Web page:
Again – I am bad at math – but this doesn’t add up!

image I ordered some books for my daughter today from Barnes and Noble.

 

They’ll get the books here a week earlier than Amazon, and with free shipping.  Go figure.  I think Amazon’s shipping calculator is broken.

Anyway, here’s the math quiz – the email I got from B&N ended with this:

Order Summary:
YOU SAVED:    $3.40     Barnes & Noble Membership
            $58.01     Total Order Price
            $58.02     Credit Card

 

So why does my total not equal the total?  Does B&N tack a penny onto every credit card transaction?  If so, Why?  It seems it would be easier to hide that penny in the price of the book than have a completely separate line on an invoice for it.

Weird.

Comments

  1. @Sisir: What? Your father has a credit card?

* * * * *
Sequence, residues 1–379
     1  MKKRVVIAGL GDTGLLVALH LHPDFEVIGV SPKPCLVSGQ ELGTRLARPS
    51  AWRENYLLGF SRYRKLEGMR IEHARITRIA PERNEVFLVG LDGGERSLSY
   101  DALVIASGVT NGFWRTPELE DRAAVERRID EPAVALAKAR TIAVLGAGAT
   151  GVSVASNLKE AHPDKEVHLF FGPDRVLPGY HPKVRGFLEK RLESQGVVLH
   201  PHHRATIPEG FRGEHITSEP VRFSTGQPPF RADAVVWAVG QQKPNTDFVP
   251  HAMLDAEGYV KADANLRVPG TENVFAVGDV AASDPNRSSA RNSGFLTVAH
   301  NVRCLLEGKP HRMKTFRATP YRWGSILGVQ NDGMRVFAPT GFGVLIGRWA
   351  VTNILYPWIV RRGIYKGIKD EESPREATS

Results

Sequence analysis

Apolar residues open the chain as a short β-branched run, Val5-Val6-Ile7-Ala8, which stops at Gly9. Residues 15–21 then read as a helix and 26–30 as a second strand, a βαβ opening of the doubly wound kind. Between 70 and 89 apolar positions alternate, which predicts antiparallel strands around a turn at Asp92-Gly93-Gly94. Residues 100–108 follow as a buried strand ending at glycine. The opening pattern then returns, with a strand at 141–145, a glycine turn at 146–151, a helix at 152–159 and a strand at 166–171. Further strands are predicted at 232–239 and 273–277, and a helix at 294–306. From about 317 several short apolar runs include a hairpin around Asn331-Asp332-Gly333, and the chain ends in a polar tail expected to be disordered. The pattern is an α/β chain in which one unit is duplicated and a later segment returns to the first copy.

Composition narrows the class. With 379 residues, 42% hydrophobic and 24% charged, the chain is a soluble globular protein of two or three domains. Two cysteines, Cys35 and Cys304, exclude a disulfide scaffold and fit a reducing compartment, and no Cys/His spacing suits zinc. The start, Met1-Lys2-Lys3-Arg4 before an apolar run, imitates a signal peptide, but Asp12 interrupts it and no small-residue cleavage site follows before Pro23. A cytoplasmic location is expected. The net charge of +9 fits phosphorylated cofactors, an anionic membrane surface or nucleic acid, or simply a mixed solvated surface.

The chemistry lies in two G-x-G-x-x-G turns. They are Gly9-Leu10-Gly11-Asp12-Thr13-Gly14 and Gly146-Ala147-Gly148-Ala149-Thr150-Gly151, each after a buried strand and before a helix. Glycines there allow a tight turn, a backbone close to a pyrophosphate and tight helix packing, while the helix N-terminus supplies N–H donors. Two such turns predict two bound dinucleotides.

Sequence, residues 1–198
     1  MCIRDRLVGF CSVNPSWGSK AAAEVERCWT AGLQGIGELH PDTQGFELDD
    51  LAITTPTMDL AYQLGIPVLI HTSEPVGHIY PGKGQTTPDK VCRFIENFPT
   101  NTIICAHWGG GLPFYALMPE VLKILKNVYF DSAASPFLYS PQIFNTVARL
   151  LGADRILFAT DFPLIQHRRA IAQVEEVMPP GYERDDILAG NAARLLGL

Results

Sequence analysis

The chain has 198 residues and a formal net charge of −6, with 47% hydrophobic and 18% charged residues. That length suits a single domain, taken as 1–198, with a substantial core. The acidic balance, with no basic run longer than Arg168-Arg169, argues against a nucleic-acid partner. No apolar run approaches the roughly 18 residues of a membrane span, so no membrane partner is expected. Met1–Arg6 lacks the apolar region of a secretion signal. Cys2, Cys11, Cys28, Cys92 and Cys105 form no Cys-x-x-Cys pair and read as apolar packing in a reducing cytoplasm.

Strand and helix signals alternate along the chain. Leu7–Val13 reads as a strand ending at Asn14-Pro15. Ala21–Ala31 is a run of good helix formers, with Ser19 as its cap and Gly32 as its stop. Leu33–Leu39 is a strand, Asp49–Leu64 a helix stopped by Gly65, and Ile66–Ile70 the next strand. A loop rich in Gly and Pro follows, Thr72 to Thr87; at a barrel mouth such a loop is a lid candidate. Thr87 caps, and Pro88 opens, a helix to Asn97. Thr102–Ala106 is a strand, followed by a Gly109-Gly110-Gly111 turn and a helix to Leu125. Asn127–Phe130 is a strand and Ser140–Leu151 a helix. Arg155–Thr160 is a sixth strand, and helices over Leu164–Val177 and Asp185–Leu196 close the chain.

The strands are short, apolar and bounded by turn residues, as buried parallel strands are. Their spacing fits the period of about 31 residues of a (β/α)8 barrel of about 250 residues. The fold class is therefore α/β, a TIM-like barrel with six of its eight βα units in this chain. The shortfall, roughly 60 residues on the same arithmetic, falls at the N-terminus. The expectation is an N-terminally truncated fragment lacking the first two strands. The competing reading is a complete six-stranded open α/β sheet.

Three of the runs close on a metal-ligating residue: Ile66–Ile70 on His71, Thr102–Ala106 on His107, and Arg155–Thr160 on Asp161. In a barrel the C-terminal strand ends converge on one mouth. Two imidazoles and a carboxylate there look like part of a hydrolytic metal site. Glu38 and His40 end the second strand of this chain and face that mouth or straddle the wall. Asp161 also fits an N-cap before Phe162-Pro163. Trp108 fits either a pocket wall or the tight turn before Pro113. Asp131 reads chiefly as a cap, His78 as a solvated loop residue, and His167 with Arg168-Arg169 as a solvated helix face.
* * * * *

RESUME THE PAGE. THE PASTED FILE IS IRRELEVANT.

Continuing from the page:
(That was a lame joke after a lame day at school. Would somebody please laugh?)

  2. I mean before the one-cent transaction is completed-like immediately after confirming payment through an establishment.

  3. Yes, they don’t appear in the monthly invoice. But if you can check your ongoing transactions online like my father’s card, then you can view all these one-cent verification transactions.

  4. Sisir – that makes sense, I guess. I’ve never had any of those “temporary transactions” shown on my invoice bfore though.

    Even at hotels, when they “block out” enough to cover your room when you check in – I never see that transient amount on a hotel statement or a credit card statement.

    I am not really sure what B&N is doing here – but I know it’s not good to add extra lines to an invoice – even if it’s just for a penny!

    Rob

  5. I think that the establishment that uses your credit card runs an extra transaction of cent which is taken and given back to. This happened to my father’s card several times but usually didn’t reflect in the monthly record. The last time this happened was the last time I used the card – with this airline.